Leaning On and Learning from Others
After Taylor Eastridge sustained a traumatic brain injury, she and her husband, Tyler, found support at Shepherd Center.
Taylor Eastridge lives with her husband, Tyler, and their two young daughters in a small town just west of Gainesville, Florida. Taylor loves math and teaches economics at Santa Fe College in Gainesville. She also bakes a mean oatmeal-raisin cookie.
On a rainy day in June of last year, Taylor’s car hydroplaned and hit a light post. Taylor sustained multiple injuries, including a traumatic brain injury (TBI). She was admitted to UF Health Shands Hospital in Gainesville, where she spent close to three weeks before transferring to the Disorders of Consciousness Program, which is part of Shepherd Center’s Brain Injury Rehabilitation Program.
Taylor does not remember much about the weeks she spent inpatient at Shepherd but says she does remember re-learning how to walk — and feeling that the staff really cared.
“I was so confused about why I was there, but I remember everyone was really sweet, and they provided me with more things than I even asked for,” Taylor recalls.
Tyler appreciated the continuity of care for Taylor.
“The nurses were amazing,” he says. “Having the same nurses was big for me because they knew Taylor, and they knew me, and we were able to build a relationship. They were invested — all the nurses in inpatient, all the therapists, you could tell they were passionate about it, and they cared.”
While Taylor worked on swallowing, talking, and walking, Tyler turned to peer support and family education programs to learn more about how to support Taylor and handle the uncertain path of her recovery.
One program in which he participated, called “Getting There,” was part of a brain injury patient caregiver research study. To assess the value of peer-led intervention, Shepherd's staff adapted a curriculum created at the Self-Management Resource Center in Stanford, California, to fit Shepherd’s acute rehabilitation setting. For “Getting There,” Tyler was assigned a peer mentor, Mariellen Jacobs, whose son had previously sustained a brain injury.
“I looked forward to talking to Mariellen every week. That was the best therapy I could have asked for because I didn't know what was going to happen,” Tyler recalls. “Typically, when you go through an injury, say, a broken arm, there’s a standard recovery time. The brain is completely different, so hearing Mariellen’s experience and knowing that some of the things I was experiencing weren’t uncommon and that there was hope encouraged me.
Taylor and Tyler also relied on their faith and were glad to be able to attend services at Shepherd, led by Shepherd Center’s chaplains.
“Having a church service in-house, once Taylor was able to go, it was good getting back into the routine and getting the encouragement,” Tyler recalls.
The couple focused on Taylor’s recovery, and their parents pitched in, staying nearby and helping take care of the girls. After six weeks inpatient, Taylor graduated and transitioned to Shepherd Pathways, Shepherd Center’s comprehensive outpatient rehabilitation program for people recovering from brain injury. She and Tyler took advantage of Shepherd family housing for a month to ease the transition.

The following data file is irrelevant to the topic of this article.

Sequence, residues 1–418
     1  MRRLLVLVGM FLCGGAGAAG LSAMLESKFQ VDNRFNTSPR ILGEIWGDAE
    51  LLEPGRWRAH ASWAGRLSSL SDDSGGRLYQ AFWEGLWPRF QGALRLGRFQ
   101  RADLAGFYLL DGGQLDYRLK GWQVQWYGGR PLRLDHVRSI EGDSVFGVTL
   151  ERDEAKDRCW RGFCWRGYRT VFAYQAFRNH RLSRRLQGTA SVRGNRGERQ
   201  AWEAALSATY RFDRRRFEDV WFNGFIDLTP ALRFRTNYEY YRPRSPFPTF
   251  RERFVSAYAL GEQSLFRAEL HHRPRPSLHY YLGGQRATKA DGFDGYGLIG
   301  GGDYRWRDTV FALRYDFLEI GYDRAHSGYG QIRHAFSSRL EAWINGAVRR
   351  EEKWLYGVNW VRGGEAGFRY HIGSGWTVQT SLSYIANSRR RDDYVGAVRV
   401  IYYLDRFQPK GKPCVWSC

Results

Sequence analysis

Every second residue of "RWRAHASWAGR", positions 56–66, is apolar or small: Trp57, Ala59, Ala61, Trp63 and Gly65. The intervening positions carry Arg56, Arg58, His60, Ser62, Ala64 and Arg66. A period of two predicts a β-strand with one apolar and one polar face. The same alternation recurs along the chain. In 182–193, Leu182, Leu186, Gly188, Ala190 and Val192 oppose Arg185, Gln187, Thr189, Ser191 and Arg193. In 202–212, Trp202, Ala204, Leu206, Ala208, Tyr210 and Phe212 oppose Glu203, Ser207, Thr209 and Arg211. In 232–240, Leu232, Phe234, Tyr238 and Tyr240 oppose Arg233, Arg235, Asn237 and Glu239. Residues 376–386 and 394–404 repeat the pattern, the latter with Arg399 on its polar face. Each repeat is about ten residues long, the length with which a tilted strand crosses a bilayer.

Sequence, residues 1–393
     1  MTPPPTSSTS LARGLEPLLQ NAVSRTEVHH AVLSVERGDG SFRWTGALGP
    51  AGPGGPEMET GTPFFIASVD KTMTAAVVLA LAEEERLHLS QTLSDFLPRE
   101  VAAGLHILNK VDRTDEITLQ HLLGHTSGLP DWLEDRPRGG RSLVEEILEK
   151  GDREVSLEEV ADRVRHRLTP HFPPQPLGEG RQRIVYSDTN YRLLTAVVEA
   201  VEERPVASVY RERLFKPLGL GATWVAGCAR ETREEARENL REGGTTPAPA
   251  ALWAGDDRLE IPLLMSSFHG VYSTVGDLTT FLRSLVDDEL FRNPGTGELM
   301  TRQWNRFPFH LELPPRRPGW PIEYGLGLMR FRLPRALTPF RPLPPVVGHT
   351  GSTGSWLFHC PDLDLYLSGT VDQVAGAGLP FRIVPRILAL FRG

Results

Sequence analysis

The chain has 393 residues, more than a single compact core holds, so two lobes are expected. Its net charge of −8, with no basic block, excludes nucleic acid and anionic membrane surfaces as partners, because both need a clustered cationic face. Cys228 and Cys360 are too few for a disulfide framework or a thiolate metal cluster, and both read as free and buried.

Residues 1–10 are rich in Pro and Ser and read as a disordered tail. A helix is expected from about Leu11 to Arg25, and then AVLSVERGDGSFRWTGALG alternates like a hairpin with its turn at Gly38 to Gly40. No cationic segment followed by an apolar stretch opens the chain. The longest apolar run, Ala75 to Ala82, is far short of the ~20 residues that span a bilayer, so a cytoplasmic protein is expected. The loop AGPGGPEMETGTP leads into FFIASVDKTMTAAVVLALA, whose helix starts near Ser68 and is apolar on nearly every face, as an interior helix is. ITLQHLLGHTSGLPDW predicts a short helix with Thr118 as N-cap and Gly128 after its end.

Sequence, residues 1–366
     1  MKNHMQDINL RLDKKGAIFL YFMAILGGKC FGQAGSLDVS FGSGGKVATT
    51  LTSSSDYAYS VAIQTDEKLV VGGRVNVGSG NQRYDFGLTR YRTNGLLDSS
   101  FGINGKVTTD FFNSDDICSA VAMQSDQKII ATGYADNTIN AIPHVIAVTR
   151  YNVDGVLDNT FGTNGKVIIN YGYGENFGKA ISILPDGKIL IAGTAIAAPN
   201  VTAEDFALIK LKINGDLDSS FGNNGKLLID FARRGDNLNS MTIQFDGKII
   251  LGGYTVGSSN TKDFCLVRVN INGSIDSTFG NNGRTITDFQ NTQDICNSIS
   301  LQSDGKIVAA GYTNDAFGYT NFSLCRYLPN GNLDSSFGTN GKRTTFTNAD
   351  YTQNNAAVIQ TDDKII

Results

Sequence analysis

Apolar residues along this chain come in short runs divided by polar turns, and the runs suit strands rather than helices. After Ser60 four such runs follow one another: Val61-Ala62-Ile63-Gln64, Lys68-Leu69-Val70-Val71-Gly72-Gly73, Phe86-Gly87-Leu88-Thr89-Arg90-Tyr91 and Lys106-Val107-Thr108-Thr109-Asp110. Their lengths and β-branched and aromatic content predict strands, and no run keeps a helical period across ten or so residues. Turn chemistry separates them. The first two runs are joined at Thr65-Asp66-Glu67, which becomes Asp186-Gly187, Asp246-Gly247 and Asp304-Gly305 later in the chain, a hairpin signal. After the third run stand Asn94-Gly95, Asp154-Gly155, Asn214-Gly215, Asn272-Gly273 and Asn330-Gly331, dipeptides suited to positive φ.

At Pathways, Taylor shared a goal with her therapist.
“I told her that I wanted to get to a point where I could play with my girls and carry them,” Taylor explains.
So, Taylor’s youngest joined a therapy session.
“We played outside, and I practiced carrying her because I was so weak at the time — she was really heavy,” Taylor laughs.
As parts of Taylor’s memory return, she’s rebuilding and rediscovering her relationship with her daughters.
“Before the accident, anything that they would do, I would do with them — we had an intense relationship. But for a few months after the accident, I did not remember our relationship, so I felt like I was building a new one. It wasn’t until February of this year that the memories of the relationship that I had with them started to come back.”
Taylor is spending time with her girls, embracing her baking hobby, and running. She has returned to teaching, and she’s continuing therapy close to home. She and Tyler are working with a team to start a nonprofit to provide support, including funding for transportation and housing, to families of people who sustain multiple traumatic injuries in the Gainesville area. One of their goals is to raise awareness and funds by hosting a 5K run. They hope to hold the first 5K in spring 2024.
“We want to use what we learned in the worst times of our lives to help other people while they're going through the worst times in their lives,” Tyler explains. “I'm still learning —learning how to adapt and how to overcome. It’s an ongoing process.”
Written by Ruth Underwood
Shepherd Center provides world-class clinical care, research, and family support for people experiencing the most complex conditions, including spinal cord and brain injuries, multi-trauma, traumatic amputations, stroke, multiple sclerosis, and pain. An elite center recognized as both Spinal Cord Injury and Traumatic Brain Injury Model Systems, Shepherd Center is ranked by U.S. News as one of the nation’s top hospitals for rehabilitation. Shepherd Center treats thousands of patients annually with unmatched expertise and unwavering compassion to help them begin again.